Webcast Recap

Two young leaders from Israel and the West Bank, representing the group YaLa Young Leaders, discussed their organization’s goals and efforts to pursue peace and reform in the Middle East.  

On June 3, the Middle East Program hosted a meeting, “YaLa Young Leaders: A Palestinian and Israeli Discuss the Future,” with Mahdee Jaber, a Palestinian-American YaLa representative, and Nimrod BenZe’ev, YaLa Young Leaders Steering Committee Co-Coordinator. Aaron David Miller, Vice President for New Initiatives at the Wilson Center, moderated the event. Jane Harman, President, Director, and CEO of the Wilson Center, provided introductory remarks.

Harman introduced the event, saying, “The ground truth really matters,” and the youth activist perspective is needed to change the view from Washington. Adding, “I think the peace process will successfully conclude,” she welcomed the YaLa representatives and their efforts for the cause of peace.

Miller commented on the role that individually-focused organizations such as YaLa have in aiding transformative peace by allowing Middle East youth to learn the “narrative of the other” and in bringing day-to-day concerns to the policy sphere. “We don’t take younger generations seriously, as we must,” he said, arguing that governments need more input from youth segments of the population.

Jaber discussed YaLa’s history as an outgrowth of the Paris Center for Peace, centered on a Facebook page that aimed to generate dialogue between Israelis and Palestinians. It is now a cross-regional movement: despite their “different backgrounds, religions, and worldviews,” the YaLa community of over 365,000 across the Middle East has shared wants and goals, especially of economic stability and educational reform. Jaber also discussed several of YaLa’s ongoing initiatives to set up meetings between Israelis and Palestinians and to provide online courses on peace and leadership. In these courses, built from members’ professional development needs, “Israelis and Palestinians have to talk to each other,” unlike with other online learning platforms. Overall, Jaber emphasized the optimism among YaLa members for change, given its wide reach and its interactive nature, which makes it more than just a page that people “like” on Facebook. He noted that YaLa has seen many new members since the start of the Arab Spring, attributing this to a feeling of freedom and less fear of joining a group of which Israelis are members: “for once, people in the Middle East are agreeing with each other.”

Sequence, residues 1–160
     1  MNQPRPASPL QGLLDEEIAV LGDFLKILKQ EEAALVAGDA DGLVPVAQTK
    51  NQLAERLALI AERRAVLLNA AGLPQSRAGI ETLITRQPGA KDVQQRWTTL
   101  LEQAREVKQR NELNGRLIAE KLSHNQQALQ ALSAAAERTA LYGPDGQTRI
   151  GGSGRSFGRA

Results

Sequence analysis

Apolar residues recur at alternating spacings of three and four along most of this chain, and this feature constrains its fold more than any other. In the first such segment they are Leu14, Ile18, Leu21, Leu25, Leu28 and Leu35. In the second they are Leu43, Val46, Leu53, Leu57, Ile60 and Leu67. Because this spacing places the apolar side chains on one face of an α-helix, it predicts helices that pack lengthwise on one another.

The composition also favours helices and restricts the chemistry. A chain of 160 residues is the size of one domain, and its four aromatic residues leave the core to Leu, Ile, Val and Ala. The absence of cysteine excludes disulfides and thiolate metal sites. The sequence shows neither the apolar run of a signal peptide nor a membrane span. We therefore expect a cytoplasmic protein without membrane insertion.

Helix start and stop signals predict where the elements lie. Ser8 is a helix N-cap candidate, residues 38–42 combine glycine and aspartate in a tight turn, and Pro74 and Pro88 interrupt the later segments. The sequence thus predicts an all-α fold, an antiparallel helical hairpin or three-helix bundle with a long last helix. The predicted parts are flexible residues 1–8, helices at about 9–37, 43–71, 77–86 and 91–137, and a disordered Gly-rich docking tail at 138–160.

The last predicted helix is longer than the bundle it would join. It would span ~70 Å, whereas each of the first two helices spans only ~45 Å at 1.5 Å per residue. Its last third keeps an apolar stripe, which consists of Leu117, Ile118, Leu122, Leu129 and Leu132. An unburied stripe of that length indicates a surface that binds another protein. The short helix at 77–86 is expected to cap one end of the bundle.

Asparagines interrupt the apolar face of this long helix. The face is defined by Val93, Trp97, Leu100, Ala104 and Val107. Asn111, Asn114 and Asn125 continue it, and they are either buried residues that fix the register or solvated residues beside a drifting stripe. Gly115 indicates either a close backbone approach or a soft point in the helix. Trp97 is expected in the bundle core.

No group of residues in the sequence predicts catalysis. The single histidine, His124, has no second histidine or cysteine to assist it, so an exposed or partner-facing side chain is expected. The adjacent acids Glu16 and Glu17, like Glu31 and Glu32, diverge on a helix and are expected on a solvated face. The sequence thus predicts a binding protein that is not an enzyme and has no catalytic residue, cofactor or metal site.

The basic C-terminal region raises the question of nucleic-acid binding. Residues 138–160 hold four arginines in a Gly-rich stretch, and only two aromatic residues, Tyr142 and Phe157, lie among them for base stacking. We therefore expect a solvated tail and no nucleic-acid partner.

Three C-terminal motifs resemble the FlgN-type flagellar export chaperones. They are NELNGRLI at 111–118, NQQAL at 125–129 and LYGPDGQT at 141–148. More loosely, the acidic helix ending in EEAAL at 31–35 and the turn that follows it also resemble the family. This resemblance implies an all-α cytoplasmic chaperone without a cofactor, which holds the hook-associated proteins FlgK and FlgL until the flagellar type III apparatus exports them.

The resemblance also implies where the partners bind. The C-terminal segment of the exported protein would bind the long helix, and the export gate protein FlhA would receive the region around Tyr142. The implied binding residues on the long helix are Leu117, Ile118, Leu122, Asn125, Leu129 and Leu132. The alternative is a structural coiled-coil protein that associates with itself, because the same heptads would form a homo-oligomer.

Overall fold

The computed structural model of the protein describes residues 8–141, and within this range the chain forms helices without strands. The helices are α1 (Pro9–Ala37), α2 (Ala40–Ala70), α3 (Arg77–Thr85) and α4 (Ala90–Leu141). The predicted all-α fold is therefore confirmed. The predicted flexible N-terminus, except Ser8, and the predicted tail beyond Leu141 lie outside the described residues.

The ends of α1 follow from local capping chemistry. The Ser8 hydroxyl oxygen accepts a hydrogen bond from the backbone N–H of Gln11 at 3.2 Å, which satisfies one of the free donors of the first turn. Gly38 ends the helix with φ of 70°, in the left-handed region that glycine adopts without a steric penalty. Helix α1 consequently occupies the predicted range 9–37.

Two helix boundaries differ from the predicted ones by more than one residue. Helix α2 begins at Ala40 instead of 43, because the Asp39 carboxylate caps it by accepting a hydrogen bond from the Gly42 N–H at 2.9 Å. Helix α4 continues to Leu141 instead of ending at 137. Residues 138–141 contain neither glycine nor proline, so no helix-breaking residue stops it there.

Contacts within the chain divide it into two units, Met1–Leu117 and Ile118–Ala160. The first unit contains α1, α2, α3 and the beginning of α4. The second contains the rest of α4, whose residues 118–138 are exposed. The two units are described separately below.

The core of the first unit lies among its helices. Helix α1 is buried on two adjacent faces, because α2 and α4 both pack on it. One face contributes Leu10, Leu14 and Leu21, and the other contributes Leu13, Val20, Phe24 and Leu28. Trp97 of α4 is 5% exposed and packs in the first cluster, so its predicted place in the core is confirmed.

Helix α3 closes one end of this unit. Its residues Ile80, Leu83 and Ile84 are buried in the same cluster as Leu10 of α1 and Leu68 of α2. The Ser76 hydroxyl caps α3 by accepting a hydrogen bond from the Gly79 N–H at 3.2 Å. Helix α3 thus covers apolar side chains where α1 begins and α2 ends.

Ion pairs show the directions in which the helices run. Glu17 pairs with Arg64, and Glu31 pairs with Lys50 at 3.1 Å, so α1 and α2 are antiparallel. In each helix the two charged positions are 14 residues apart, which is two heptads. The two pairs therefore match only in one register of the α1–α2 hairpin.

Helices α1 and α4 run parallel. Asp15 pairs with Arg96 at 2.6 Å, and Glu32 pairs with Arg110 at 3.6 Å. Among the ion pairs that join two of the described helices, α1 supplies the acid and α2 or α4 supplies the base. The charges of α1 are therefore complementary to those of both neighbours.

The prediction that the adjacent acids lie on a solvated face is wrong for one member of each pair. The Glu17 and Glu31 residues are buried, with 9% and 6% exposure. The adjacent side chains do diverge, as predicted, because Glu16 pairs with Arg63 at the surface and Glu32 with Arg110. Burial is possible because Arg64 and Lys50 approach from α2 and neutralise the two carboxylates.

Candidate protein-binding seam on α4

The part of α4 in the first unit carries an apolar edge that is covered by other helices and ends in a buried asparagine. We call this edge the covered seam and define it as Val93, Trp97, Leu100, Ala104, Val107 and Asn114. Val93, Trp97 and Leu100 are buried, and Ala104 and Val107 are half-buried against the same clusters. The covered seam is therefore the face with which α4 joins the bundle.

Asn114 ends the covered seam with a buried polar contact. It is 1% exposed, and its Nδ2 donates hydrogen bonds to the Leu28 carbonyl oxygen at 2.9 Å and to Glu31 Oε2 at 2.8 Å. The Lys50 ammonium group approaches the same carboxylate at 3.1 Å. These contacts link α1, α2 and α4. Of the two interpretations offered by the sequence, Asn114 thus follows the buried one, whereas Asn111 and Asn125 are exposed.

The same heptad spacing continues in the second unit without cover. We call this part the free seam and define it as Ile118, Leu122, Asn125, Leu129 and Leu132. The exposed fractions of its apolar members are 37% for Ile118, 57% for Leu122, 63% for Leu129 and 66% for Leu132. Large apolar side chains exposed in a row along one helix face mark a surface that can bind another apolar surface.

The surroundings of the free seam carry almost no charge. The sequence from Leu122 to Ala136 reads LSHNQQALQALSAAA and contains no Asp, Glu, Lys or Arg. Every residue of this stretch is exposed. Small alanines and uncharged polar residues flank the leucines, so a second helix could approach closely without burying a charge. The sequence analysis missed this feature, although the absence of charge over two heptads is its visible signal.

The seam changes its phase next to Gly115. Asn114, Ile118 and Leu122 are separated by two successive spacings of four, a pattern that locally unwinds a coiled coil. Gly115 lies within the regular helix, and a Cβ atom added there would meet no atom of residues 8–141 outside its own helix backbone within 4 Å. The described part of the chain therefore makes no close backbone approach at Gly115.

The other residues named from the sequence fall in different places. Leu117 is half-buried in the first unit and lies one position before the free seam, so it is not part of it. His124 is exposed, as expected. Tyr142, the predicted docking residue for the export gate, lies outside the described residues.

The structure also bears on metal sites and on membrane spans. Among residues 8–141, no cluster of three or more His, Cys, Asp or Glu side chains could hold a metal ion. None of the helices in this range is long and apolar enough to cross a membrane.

BenZe’ev focused on the human aspect of YaLa, asserting, “YaLa is about people in the region who take everything that comes with being a Middle Easterner,” the good and the bad, and putting a positive spin on their experiences. Further stating, “YaLa is about its members,” he discussed how members’ individual stories shape the organization and its goals. YaLa itself serves mainly as a platform to amplify what members want, sponsoring or exhibiting user-generated content; it also provides a common group identity that supersedes national, ethnic, or religious boundaries. BenZe’ev then outlined the YaLa Peace Initiative—the only one “entirely created by young people in the region”—and the range of topics members have brought up for discussion, ranging from prospects for a two-state solution to sectarian violence, human rights, higher education reform, economic development, and gender equality. Speaking on this last issue, BenZe’ev pointed out YaLa’s high representation of women in leadership positions and in the core administrative group. He also noted YaLa’s expanding on-the-ground presence in the West Bank, hoping that one day there will be a physical branch in every MENA country, with additional offices around the world to shape local policies and advocate for YaLa’s issues of interest.

By Laura Rostad, Middle East Program